Here There and Everywhere

Expat wanderer

Tabbouli Dance (Thank You, Daggero)

I’m in my office trying to write a blog entry and AdventureMan is next door, and it’s been a long time since I have heard him laugh so hard. He is laughing and Holy Smokes, he is almost dying laughing, and it’s all Daggero’s fault, my friend Daggero, my mysterious friend who has commented for so many years now on my blog that I think of him like a brother, although none of us have ever met.

Here is what was making him laugh so hard. Once I started watching, I was laughing, too. It is a total hoot, not just the song but all the fun they had making this, and the utter decorum with which he ‘shakes his booty,’  LLLLOOOOOOLLLLLL!

Notice also, his home has some very nice art pieces. 🙂

October 24, 2010 Posted by | Adventure, Arts & Handicrafts, Entertainment, Exercise, Food, Kuwait | 9 Comments

Onion Soup of the Pfalz region of Germany

I am printing this just as I found it. The thrill to me is that I can read it and follow it! It is from a blog called ‘Grandmother’s Best Recipes in the Pfalz’ and today I am making Pfalzerzuppe! (It is a onion soup made with creme and a little caraway seed; I often used to eat it at Neuleiningen Castle, in the Bergschanke restaurant.



Zwiebelsuppe ist nicht gleich Zwiebelsuppe. Oder auf pfälzisch: Zwiwwelsupp is net wie Zwiwwelsupp. Die nach diesem Rezept ist jedenfalls sehr delikat und würzig.


  • 10 mittlere Zwiebeln  (onions, middle sized)
  • 500 ml Sahne  (cream)
  • 1 l Hühnerbrühe  (chicken stock)
  • Pfeffer, Salz, Kümmel  (pepper, salt, caraway seed)
  • Butter
  • 2-3 EL Mehl  (flour)
  • 1/5 l Weißwein (aber bitte Pfälzer Wein!)   (white wine, Pfalzer white wine, PLEASE!)


Geschälte Zwiebeln kleinschneiden und in Butter nur ganz leicht anbräunen. Mit dem Weißwein ablöschen und zur Hälfte einkochen lassen. Das Mehl darüber streuen. Die Brühe und die Sahne hinzugeben und ca. 20 Minuten köcheln lassen, dann abschmecken.


Am Ende des Kochens noch drei Eigelbe mit etwas Sahne verrühren und unter die Suppe ziehen, dann aber nicht mehr aufkochen, sondern gleich servieren.

October 24, 2010 Posted by | Cooking, Cultural, ExPat Life, Experiment, Food, Germany, Interconnected | Leave a comment

A Day in Flomaton, Alabama

All we knew when we started the day was that we wanted to explore a little bit north of Pensacola, maybe even up into the part of Alabama that is across the state line to the north (as opposed to the part of Alabama that is across the state border to the west). We thought we were having a very boring day until we wandered into Flomaton, and AdventureMan discovered a railroad museum.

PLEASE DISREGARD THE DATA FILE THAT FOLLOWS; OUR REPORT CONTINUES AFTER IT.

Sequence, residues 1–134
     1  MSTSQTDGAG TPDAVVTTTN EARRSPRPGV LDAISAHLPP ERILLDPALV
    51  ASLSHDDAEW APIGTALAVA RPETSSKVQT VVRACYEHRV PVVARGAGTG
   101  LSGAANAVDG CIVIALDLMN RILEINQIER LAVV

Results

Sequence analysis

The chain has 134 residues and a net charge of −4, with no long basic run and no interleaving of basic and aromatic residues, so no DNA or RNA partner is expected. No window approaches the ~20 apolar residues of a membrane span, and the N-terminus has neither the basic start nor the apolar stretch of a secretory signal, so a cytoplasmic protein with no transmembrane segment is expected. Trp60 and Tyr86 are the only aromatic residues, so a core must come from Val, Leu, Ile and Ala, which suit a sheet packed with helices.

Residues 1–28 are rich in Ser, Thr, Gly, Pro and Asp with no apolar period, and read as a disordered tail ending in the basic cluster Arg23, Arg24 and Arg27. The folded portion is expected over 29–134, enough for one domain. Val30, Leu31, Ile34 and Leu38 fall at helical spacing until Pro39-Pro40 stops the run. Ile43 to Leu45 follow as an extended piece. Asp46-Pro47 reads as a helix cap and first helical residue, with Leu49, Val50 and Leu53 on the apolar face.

Flomaton is at the very top of the map:

The railroad museum was also an older house, now the museum, and an older 2 room cabin out back, moved from its original location. Here is a recreation of the old front parlor:

The Railroad Collection room:

The log cabin was out back of the house, and had two women spinning wool into yarn on the porch, who very graciously allowed me to take their photo:

Inside the log cabin – we were told the couple who lived in this cabin had 12 children; they slept on the floor on pallets at night:

At the museum, there was a flyer about “Back to your hometown weekend” in Alabama, which just happened to be that very weekend. The town was full of returning people, there had been a parade and fireworks the night before (three former homecoming queens told me about this) and there was a street fair to celebrate Home Town Flomaton. 🙂

It was nearly lunchtime. We could smell Barbecue. The street fair was just a block away and there was parking right there, right by the fair. It was so much fun:

People were so kind and so helpful. This young woman was grinding corn, and we speculated that it must have been a great modern invention, and a real time saver, when it was invented. A woman passing by said she remembers her own mother using the same machine; all the corn was then taken to be ground, and stored in large airtight bottles in a dark ‘keeping room’ with preserves and food to get them through the winter.

This band was playing blues, gospel and country music, and they were pretty good!

As we stood and watched the choir, another woman welcomed us, and told us we really needed to see the new library (it was gorgeous!) and if we hurried, we could catch the Raptor Show at Otter Point. A Raptor Show!

Inside, there was a butterfly house, and several displays of local natural life:

There was also a wonderful hiking trail out over the wetlands, well maintained and beautiful:

The Raptor presentation was very well done, informative and funny, on many levels. They had a large audience of children, who learned a lot, and also adults like us, who also learned a lot. The bald eagle’s beak is deformed by PCB’s, which, although banned back in the 1970’s, are still present in the environment in quantities high enough to cause birth deformities. The only reason they were able to adopt the bald eagle, a protected species, was that while he can hunt, he cannot tear his food apart with his malformed beak.

It was a day full of gracious hospitality. People were so kind to us, and went out of their way to make us feel welcome and to explain what we were looking at. For a day that started with no clear goal, we felt like we had been abundantly blessed by happening across this beautiful October day in Flomaton, Alabama.

October 24, 2010 Posted by | Arts & Handicrafts, Beauty, Civility, Community, Cooking, Cultural, Entertainment, Events, ExPat Life, Living Conditions, Local Lore, Pensacola | 6 Comments